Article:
In ancient times it was used as a spice in Anatolia and Greece. In the Mishnaic era, the was called sī’ah in Hebrew, and it is often mentioned in rabbinic literature along with eizov (marjoram) and qurnit (salty white-leaved), three herbaceous plants that grew naturally in nature.
In ancient times, in Palestine, the water in which it was immersed was used to flavor the meats that had been skewered and placed on hot coals for roasting. Dioscorides, in the Third Book of his De Materia Medica (3,44-45), alludes to the plant and its medicinal uses. In religious use, despite being related to the biblical hyssop, it was considered a different species, therefore not valid to be taken in the purification ritual where real hyssop was used in the preparation of sprinkling water to purify those contaminated by impurities.
The leaves and young shoots are used in some areas as a substitute for tea. This is said to make one of the tastiest herbal teas of all herbs.
In the medicinal field, the leaves are used which are antibacterial, aromatic, digestive, expectorant and tonic.
They are used internally to treat mild digestive disorders and bronchial congestion.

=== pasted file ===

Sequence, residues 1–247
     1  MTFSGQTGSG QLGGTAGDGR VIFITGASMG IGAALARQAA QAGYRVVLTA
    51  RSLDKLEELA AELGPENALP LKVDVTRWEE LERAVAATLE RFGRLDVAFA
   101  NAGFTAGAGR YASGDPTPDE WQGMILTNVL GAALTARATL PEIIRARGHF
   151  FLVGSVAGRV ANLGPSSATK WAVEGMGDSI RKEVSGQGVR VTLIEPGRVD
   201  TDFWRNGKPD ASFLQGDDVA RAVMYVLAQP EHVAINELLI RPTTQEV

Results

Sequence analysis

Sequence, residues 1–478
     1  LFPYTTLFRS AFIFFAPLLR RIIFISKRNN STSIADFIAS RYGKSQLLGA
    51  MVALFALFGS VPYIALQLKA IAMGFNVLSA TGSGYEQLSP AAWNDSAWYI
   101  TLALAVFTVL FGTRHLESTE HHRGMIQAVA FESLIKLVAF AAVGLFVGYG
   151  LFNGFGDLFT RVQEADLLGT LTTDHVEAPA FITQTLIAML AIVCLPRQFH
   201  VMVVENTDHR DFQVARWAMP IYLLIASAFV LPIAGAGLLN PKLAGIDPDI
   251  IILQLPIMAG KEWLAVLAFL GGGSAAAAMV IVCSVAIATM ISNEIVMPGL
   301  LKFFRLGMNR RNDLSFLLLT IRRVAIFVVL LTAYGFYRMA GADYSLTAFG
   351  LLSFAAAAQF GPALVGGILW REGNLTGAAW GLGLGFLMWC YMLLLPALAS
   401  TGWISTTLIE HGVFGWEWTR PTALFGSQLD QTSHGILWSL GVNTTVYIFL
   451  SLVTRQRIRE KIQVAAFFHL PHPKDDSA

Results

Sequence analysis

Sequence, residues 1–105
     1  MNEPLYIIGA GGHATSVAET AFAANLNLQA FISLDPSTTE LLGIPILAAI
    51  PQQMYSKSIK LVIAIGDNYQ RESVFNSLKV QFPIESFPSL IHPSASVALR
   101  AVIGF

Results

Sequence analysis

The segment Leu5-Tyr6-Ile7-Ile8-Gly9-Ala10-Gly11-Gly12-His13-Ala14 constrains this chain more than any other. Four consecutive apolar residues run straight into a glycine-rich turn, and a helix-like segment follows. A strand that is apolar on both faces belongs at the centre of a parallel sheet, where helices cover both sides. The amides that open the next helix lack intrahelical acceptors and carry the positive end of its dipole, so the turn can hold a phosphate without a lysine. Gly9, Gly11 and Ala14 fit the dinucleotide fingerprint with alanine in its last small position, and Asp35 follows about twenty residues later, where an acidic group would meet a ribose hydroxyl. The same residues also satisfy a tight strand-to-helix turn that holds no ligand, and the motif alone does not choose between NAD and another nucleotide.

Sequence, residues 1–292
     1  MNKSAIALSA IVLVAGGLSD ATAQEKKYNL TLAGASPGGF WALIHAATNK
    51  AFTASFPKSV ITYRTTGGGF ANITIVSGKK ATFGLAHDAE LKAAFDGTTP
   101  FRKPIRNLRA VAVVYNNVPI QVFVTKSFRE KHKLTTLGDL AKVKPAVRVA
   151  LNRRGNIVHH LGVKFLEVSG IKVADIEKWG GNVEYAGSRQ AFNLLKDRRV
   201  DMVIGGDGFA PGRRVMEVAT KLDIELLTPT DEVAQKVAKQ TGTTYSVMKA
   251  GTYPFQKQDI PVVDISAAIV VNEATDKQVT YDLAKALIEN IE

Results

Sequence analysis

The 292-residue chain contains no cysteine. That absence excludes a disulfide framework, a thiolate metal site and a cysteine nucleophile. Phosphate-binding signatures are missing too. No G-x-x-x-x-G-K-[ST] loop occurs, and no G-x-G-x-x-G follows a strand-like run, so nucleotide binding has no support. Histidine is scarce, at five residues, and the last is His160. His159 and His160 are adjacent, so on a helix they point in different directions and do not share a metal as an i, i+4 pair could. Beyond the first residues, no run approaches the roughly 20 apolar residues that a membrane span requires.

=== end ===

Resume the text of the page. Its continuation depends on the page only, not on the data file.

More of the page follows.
Among other uses, it should be remembered that it is an infusion of the herb that is used in autumn to clean the wine barrels in view of the new vintage.
Furthermore, an essential oil is obtained from the plant which contains 19% of thymol and is also rich in carvacrol.
An analysis of the chemical composition of the plant reveals that Satureja thymbra, of the type grown in Israel, contains a very high content of the chemicals γ-terpinene (15.9%) and p-cymene (12.4%), with the highest concentration being that of carvacrol (55.2%). Other independent studies have revealed the main essential oil compounds that vary to varying levels; carvacrol (34.6%), γ-terpinene (22.9%), p-cymene (13.0%) and thymol (12.8%). Air-dried aerial parts from S. thymbra were also tested collected in Lebanon and which have been subjected to steam distillation using a Clevenger type apparatus to produce the essential oil. The extracted oil was dried using anhydrous magnesium sulfate and stored at 4 ° C. The analysis revealed that Lebanese Satureja thymbra oil is characterized by high amounts of γ-terpinene (34.08%), carvacrol (23.07%) and thymol (18.82%).